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Sides wage war of words over Dodge County gentleman’s clubs

July 10, 2018
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Solomon, a club in downtown Juneau, is shown in this June 22 photo.

The drama over strip clubs in Dodge County continues.

Controversy over the presence of three strip clubs in the county erupted earlier this year after the indictment of Christopher Childs, 45, of Hartford, on federal charges of human trafficking. Childs is accused of torturing women and forcing them to engage in prostitution while keeping the money they earned for their work.

Prosecutors allege that he operated out of the TNT Club, soon to change its name, in the town of Lebanon, and the Hardware Store in Clyman. Only Childs has been charged with a crime. No one else has been charged or implicated in the alleged activity.

Afterward, local politicians and religious figures began organizing to shut down the clubs. State Sen. Scott Fitzgerald, R-Juneau, has led those in opposition to the establishments, portraying them as magnets for crime.

TNT, the Hardware Store and Solomon, in Juneau (formerly known as Silk Exotic), recently had their liquor licenses renewed by local officials. In Juneau, the Common Council originally denied the renewal before reversing after the city attorney advised council members had to act within the law, not their personal beliefs, and that they could be subject to a lawsuit.

“When an investigation by law enforcement results in felony indictments directly tied to the operations of a business, there must be a license revocation process that can take place without the fear of retaliatory litigation that will jeopardize a municipality’s limited budget,” Fitzgerald said in a statement released last week after TNT had its license renewed.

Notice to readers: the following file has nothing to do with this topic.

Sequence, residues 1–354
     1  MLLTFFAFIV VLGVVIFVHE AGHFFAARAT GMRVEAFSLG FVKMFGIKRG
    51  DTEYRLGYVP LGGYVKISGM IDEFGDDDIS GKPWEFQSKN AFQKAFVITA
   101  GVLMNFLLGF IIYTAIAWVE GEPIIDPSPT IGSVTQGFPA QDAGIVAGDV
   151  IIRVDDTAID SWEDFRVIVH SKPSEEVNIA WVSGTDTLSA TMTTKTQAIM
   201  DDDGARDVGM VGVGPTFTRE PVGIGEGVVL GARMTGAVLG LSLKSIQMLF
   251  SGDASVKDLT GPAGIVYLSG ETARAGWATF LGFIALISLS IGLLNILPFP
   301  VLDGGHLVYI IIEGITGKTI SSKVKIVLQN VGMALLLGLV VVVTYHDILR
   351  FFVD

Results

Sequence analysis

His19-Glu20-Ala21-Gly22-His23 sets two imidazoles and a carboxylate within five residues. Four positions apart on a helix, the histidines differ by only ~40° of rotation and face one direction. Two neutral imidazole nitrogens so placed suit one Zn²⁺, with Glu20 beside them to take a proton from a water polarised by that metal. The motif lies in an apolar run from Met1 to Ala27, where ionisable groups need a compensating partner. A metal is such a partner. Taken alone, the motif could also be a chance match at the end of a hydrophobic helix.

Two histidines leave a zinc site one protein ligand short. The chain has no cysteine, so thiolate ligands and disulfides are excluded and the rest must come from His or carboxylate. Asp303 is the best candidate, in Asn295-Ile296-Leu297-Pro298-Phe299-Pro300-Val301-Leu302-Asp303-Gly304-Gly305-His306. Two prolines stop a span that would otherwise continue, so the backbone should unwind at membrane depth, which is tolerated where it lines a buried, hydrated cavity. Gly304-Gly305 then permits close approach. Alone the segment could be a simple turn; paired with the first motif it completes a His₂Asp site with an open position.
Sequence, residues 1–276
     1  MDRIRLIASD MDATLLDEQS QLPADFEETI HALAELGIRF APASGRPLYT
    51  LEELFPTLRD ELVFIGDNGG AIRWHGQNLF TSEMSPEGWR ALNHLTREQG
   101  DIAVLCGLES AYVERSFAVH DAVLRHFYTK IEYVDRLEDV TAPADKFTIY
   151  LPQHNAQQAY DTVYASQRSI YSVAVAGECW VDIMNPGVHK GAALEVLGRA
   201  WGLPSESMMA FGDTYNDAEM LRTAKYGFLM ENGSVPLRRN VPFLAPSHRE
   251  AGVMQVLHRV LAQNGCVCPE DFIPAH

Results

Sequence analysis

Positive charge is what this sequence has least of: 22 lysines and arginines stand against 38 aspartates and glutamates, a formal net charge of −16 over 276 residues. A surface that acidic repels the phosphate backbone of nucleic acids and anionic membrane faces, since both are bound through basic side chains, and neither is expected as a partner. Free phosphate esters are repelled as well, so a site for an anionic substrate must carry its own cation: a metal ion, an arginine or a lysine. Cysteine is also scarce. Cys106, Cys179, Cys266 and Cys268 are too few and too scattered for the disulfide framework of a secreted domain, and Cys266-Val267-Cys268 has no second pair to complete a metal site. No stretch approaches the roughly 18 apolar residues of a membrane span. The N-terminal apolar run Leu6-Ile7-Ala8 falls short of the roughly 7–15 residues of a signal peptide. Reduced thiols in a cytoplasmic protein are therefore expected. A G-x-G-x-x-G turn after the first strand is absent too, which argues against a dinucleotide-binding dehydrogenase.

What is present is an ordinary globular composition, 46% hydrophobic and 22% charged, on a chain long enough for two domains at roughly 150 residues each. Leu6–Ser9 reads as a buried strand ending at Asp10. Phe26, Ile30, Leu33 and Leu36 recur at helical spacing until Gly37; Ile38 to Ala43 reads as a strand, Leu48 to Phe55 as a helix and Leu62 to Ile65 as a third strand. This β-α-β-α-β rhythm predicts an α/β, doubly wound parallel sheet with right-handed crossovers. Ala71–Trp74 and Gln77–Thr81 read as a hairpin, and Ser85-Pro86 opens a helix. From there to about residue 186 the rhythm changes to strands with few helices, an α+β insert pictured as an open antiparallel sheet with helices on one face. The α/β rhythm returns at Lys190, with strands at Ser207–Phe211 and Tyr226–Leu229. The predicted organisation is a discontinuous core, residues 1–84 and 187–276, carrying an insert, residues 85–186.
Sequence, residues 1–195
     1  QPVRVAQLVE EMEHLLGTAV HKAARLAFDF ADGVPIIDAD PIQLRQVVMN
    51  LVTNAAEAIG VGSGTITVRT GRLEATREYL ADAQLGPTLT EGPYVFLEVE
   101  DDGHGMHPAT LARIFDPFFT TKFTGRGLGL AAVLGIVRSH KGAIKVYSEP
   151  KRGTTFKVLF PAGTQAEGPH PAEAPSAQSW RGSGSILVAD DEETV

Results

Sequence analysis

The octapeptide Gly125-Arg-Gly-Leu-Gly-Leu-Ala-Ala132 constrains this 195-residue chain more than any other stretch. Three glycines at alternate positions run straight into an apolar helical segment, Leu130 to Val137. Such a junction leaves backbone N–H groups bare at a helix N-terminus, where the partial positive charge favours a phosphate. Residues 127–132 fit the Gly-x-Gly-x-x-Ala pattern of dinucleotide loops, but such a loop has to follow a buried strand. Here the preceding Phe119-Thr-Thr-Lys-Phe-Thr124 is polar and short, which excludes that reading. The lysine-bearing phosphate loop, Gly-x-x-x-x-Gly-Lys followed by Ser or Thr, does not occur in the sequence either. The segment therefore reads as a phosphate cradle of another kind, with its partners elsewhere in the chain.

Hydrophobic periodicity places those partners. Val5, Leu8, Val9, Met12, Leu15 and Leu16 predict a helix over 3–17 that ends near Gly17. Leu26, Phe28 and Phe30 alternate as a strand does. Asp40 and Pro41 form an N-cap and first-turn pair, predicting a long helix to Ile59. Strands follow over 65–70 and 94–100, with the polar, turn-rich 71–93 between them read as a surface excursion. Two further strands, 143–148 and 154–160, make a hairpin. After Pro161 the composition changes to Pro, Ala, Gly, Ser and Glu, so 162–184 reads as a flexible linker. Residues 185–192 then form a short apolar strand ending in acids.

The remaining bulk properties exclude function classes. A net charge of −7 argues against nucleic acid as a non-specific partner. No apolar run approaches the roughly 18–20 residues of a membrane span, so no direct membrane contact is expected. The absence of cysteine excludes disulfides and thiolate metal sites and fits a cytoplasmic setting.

Jeff Olson, a Madison attorney, is representing the owner of TNT and the owner of both the Hardware Store and Solomon. He filed a lawsuit on behalf of Solomon, but it apparently became moot after the council changed its mind about the liquor license.

“Most folks in their communities take a ‘live and let live’ attitude toward this sort of entertainment and feel that they can register any moral objections they have by simply not visiting these businesses, but there will always be a few who want to campaign to rid their communities of exotic entertainment, because they object to it on moral or religious grounds,” Olson said in a statement on behalf of his clients in response to Fitzgerald, saying the issue is one of First Amendment rights.

He noted that only Childs has been charged and his case is going through the system. He said that he’s encouraged the clubs to scrupulously cooperate with law enforcement and be vigilant about who is operating within them. Olson said that as investigations continue, any wrongdoers who can be prosecuted with evidence that comes up will be.

“Unless and until that happens, it would be unwise for state officials to attempt to use the human-trafficking media wave as tool to shut down constitutionally protected expression for moral or religious reasons,” he said.

Fitzgerald said he is taking steps to give municipalities the ability to act with more discretion.

“I have been in contact with the Wisconsin Department of Justice and the Wisconsin Department of Revenue exploring options relating to liquor license revocation at businesses where crime is rampant,” he said. “I will also be investigating the need for legislation to fix any blind spots in our state law.”

Some local municipalities are looking at the use of demerit point systems, like the one in place in Beaver Dam, which formally record offenses by establishments that serve alcohol, and can guide officials in deciding whether to renew a license.

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